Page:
The release of the remaining prisoners sets a positive tone for historic talks next week aimed at normalizing relations after decades of hostility, the officials said.
They described the Cuban government’s release over the weekend of the last detainees on the list as a milestone but said they would keep pressing Havana to free more people the United States considers political prisoners.
The officials, speaking to Reuters on condition of anonymity, did not say how many prisoners were released over the weekend or identify them. But the White House will provide the names of all 53 to Congress and expects lawmakers to make them public, the officials added.
There had been questions over whether Havana would release all 53 prisoners as part of the deal Presidents Barack Obama and Raul Castro announced on Dec. 17 to restore diplomatic ties that Washington severed more than 50 years ago.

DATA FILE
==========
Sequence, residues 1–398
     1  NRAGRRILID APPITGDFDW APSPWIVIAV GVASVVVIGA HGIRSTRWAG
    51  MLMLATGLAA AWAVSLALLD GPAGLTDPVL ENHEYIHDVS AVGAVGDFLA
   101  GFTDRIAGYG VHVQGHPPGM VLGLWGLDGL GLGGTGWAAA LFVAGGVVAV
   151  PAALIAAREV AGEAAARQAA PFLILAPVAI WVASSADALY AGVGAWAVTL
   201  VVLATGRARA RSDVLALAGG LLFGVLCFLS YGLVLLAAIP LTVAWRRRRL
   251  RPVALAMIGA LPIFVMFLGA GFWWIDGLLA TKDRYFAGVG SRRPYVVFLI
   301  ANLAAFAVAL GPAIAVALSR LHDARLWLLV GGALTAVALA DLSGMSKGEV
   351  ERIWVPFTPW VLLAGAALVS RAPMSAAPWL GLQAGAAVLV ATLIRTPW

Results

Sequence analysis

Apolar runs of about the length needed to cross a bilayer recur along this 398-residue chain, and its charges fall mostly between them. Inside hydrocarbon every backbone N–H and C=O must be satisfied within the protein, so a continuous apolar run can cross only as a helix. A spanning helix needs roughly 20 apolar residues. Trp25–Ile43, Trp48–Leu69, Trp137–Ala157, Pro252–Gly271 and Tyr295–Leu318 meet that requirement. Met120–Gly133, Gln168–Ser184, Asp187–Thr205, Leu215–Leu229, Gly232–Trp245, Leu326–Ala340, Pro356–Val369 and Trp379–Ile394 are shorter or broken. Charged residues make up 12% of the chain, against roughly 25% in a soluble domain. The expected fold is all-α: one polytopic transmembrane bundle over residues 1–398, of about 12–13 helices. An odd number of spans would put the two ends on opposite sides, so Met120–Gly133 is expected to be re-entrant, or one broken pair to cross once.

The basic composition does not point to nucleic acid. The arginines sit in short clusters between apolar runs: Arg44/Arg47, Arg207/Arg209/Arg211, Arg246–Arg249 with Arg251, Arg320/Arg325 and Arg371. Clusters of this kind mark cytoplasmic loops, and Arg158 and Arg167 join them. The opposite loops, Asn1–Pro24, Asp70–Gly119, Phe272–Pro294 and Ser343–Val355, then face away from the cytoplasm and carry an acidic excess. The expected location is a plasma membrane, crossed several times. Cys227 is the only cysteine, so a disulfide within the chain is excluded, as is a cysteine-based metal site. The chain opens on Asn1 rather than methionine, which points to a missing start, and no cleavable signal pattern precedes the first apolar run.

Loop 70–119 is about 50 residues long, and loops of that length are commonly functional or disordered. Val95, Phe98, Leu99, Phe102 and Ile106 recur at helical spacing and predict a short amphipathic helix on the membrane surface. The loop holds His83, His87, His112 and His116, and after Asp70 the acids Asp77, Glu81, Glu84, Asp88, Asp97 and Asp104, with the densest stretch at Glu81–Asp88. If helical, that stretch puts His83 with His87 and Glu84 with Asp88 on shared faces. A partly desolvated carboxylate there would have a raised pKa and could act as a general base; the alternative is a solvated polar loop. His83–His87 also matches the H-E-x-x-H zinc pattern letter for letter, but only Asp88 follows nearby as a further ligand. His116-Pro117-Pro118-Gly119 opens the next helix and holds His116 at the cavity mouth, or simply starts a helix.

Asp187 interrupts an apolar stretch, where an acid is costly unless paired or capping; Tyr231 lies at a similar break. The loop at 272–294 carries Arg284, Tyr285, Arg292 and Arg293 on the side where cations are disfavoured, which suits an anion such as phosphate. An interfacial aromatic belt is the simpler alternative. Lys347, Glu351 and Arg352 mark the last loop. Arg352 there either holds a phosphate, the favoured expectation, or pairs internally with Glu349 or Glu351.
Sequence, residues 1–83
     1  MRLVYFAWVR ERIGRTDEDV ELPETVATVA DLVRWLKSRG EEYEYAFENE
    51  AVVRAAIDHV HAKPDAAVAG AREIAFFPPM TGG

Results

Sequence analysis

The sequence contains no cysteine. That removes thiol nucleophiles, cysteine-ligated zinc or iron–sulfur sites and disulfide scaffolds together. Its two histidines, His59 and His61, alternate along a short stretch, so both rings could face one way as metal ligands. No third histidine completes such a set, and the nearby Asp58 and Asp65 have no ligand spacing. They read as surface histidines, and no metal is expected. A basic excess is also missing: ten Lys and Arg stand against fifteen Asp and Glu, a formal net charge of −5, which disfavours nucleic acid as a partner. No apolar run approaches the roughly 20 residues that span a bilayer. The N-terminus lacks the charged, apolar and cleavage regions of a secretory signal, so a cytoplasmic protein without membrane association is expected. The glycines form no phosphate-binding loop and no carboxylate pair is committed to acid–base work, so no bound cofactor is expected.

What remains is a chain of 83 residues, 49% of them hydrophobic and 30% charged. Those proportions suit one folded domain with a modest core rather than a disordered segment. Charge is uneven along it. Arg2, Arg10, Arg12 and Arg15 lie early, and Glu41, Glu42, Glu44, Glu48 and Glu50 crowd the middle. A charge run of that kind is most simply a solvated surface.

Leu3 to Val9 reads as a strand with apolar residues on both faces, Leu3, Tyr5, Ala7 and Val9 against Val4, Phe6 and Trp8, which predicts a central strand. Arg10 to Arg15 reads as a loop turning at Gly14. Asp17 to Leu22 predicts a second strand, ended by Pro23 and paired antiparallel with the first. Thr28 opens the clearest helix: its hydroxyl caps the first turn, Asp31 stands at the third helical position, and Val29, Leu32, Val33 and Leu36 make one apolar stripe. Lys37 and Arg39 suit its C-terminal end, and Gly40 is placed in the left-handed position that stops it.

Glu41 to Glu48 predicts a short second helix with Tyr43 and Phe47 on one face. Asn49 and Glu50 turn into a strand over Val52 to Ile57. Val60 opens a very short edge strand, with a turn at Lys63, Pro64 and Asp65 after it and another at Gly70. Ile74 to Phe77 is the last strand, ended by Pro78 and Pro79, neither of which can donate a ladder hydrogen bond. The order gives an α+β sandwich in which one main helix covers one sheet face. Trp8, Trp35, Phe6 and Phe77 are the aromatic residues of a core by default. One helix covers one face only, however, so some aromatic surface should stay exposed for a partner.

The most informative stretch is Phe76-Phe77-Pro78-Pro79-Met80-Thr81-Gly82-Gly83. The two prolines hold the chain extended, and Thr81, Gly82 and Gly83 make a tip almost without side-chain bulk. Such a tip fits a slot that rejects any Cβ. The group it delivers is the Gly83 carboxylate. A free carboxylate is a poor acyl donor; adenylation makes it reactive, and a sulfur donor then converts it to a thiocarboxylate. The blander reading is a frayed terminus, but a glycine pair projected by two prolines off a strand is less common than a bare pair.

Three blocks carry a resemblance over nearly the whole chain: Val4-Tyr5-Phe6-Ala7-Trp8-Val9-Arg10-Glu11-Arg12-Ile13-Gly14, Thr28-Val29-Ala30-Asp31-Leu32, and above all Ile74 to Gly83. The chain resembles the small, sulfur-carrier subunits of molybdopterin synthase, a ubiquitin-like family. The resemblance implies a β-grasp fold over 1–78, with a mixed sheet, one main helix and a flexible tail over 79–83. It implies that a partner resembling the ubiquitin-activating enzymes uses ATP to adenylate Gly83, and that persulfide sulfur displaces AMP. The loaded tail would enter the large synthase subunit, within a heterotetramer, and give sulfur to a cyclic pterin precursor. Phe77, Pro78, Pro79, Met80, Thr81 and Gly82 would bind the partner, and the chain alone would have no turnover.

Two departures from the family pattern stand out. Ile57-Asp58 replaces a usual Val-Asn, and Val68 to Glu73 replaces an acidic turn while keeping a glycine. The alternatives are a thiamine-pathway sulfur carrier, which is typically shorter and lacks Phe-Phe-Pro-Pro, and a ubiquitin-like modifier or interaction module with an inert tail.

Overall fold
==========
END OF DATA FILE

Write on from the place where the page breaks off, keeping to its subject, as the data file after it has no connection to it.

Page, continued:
Intense secrecy surrounding the 53, whose names have been withheld by both countries, had fueled skepticism over Cuba’s intentions and played to critics who said Washington hasn't pressured Havana enough on human rights in exchange for normalizing ties and loosening economic and travel restrictions.
The U.S. exchanged three convicted Cuban spies for an agent who had spied for the U.S. government. The United States also received Alan Gross, a U.S. aid worker jailed in Cuba.
The Cuban government informed the Obama administration over the weekend that the last of those on the list of prisoners had been released, and the U.S. Interests Section in Havana, which handles consular affairs and other contacts for Washington, confirmed it, the officials said.
The U.S. officials said they would pressure communist-ruled Cuba to release more prisoners.
"The fact of the matter is there are other individuals whose cases we have raised in the past," one of the officials said. "We have every expectation of going forward in the future. We’re going to be wanting to raise the cases of different individuals who may be detained in Cuba for exercising their universal rights."
Cuba's government says there are no political prisoners on the island and typically describes dissidents as U.S.-paid mercenaries.